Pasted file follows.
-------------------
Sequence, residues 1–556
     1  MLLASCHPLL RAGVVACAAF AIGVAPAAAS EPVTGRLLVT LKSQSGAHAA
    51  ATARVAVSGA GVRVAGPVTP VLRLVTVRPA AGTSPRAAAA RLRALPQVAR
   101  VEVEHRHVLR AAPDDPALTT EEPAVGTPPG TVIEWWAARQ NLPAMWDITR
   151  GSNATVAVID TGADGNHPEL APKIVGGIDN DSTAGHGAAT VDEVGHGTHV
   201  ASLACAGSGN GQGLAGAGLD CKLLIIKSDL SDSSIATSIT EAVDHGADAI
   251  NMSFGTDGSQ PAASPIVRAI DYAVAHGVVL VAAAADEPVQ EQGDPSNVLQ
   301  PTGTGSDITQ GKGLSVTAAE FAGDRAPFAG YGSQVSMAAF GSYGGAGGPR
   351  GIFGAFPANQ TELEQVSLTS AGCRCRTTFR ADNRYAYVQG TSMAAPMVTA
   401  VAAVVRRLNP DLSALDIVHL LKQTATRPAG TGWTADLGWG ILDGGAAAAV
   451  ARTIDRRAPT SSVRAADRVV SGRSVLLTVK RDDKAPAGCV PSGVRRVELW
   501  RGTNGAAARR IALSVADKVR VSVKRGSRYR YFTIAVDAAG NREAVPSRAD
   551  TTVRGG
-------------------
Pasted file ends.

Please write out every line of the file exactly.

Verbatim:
Sequence, residues 1–556
     1  MLLASCHPLL RAGVVACAAF AIGVAPAAAS EPVTGRLLVT LKSQSGAHAA
    51  ATARVAVSGA GVRVAGPVTP VLRLVTVRPA AGTSPRAAAA RLRALPQVAR
   101  VEVEHRHVLR AAPDDPALTT EEPAVGTPPG TVIEWWAARQ NLPAMWDITR
   151  GSNATVAVID TGADGNHPEL APKIVGGIDN DSTAGHGAAT VDEVGHGTHV
   201  ASLACAGSGN GQGLAGAGLD CKLLIIKSDL SDSSIATSIT EAVDHGADAI
   251  NMSFGTDGSQ PAASPIVRAI DYAVAHGVVL VAAAADEPVQ EQGDPSNVLQ
   301  PTGTGSDITQ GKGLSVTAAE FAGDRAPFAG YGSQVSMAAF GSYGGAGGPR
   351  GIFGAFPANQ TELEQVSLTS AGCRCRTTFR ADNRYAYVQG TSMAAPMVTA
   401  VAAVVRRLNP DLSALDIVHL LKQTATRPAG TGWTADLGWG ILDGGAAAAV
   451  ARTIDRRAPT SSVRAADRVV SGRSVLLTVK RDDKAPAGCV PSGVRRVELW
   501  RGTNGAAARR IALSVADKVR VSVKRGSRYR YFTIAVDAAG NREAVPSRAD
   551  TTVRGG